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Contextual meaning of a philosophical text
I want to confirm a sentence, which I have rendered bold below, related to Aristotle's view regarding Thales philosophy in a philosophical article.
In Book I of the Metaphysics, Aristotle claims that the earliest of
these, among whom he places the Milesians, explained things only in
terms of their matter (Met. I.3 983b6–18). This claim is anachronistic
in that it presupposes Aristotle's own novel view that a complete
explanation must encompass four factors: what he called the material,
efficient, formal, and final causes. Yet there is something in what
Aristotle says. Aristotle links Thales' claim that the world rests on
water with the view that water was the archē, or fundamental
principle, and he adds that “that from which they come to be is a
principle of all things” (983b24–25; 11A12). He suggests that Thales
chose water because of its fundamental role in comingtobe,
nutrition, and growth, and claims that water is the origin of the
natur

He [Aristotle] suggests that Thales chose water because of its fundamental role in comingtobe, nutrition, and growth, and [that Thales] claims that water is the origin of the nature of moist things.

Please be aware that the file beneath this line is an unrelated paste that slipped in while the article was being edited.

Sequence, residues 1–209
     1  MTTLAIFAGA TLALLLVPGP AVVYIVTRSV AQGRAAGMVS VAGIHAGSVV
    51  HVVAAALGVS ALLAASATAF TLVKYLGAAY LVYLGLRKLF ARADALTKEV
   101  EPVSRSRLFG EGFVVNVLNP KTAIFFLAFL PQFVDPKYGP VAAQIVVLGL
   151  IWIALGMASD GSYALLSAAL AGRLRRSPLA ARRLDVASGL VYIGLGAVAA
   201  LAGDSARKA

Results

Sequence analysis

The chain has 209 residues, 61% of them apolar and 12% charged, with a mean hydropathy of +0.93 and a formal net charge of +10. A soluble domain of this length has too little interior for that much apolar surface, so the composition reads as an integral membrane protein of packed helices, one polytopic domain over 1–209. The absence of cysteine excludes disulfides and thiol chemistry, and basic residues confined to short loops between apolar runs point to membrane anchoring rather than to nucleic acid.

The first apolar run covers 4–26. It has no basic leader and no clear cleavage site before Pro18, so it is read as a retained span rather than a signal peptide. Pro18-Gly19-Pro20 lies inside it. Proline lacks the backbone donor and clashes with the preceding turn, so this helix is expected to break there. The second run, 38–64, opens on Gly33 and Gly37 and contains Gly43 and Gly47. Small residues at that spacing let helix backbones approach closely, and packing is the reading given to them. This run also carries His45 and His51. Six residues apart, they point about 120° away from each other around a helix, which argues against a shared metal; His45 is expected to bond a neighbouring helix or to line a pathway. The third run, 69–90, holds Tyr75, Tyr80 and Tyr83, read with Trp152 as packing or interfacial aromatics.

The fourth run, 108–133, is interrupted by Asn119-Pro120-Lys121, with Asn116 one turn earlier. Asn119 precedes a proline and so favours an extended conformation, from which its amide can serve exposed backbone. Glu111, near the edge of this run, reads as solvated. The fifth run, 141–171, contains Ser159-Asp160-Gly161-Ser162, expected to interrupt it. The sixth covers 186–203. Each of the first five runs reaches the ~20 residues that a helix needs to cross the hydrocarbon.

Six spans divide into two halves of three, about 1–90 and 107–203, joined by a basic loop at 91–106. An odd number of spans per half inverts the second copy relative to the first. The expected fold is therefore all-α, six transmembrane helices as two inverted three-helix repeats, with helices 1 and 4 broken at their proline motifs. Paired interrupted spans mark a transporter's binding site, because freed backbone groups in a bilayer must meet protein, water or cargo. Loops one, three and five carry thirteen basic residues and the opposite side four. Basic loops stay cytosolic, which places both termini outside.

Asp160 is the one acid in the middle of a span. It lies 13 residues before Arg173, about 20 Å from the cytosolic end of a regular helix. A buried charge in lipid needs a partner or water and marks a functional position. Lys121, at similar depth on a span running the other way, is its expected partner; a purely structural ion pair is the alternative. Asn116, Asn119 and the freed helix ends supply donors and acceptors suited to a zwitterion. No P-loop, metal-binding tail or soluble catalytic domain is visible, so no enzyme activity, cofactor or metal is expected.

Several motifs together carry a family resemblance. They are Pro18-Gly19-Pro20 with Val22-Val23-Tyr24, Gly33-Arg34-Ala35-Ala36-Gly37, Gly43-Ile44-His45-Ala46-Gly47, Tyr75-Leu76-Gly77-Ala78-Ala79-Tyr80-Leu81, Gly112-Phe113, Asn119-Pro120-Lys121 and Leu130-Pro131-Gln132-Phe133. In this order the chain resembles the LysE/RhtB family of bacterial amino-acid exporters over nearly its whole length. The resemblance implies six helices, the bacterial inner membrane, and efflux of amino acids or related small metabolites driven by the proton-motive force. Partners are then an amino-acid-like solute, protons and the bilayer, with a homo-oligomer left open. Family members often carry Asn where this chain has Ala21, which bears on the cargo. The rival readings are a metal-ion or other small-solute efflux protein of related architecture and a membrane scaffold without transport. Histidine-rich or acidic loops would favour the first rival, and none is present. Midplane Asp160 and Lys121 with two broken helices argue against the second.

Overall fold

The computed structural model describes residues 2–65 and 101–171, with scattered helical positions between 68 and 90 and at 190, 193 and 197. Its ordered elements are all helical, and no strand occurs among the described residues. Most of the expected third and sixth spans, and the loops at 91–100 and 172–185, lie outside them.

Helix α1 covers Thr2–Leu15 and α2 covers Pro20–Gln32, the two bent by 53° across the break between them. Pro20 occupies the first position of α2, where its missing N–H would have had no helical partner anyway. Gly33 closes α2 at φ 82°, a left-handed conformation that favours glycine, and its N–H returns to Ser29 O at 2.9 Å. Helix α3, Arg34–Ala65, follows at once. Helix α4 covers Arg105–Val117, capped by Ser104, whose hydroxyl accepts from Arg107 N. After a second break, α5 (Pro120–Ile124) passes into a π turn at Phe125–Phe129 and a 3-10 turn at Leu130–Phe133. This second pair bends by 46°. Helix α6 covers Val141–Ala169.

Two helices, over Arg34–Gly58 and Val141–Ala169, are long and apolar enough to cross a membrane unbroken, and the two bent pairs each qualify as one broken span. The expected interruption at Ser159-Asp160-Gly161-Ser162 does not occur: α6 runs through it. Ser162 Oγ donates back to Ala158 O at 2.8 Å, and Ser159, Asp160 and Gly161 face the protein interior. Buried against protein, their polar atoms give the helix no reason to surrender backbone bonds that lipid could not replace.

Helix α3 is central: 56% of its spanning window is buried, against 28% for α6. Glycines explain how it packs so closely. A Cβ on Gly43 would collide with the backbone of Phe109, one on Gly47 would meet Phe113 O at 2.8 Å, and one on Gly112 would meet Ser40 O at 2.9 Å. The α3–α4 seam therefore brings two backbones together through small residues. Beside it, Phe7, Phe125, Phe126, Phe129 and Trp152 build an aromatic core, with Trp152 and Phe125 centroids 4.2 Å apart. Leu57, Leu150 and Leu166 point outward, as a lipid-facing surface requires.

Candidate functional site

If we take Hugh LawsonTancred's translation of the text we read :
But the number and form of such a principle [of all things] they do not all proclaim to be the same. Thales, the introducer of this sort of philosophy, said that it was water (that is why he declared the earth to be sitting on water), perhaps drawing this supposition from seeing that the nourishment of all creatures is moist and that warmth itself arises from this and that it is by this that all creatures live (and the assumption that that from which a thing comes is its principle in all cases). Metaphysics, Alpha, 393b : LawsonTanced, 13.
So Aristotle claims that Thales claims that water is the origin ... And your author claims that Aristotle claims that Thales claims that water is the origin ...
What is essen
20180622 14:05:24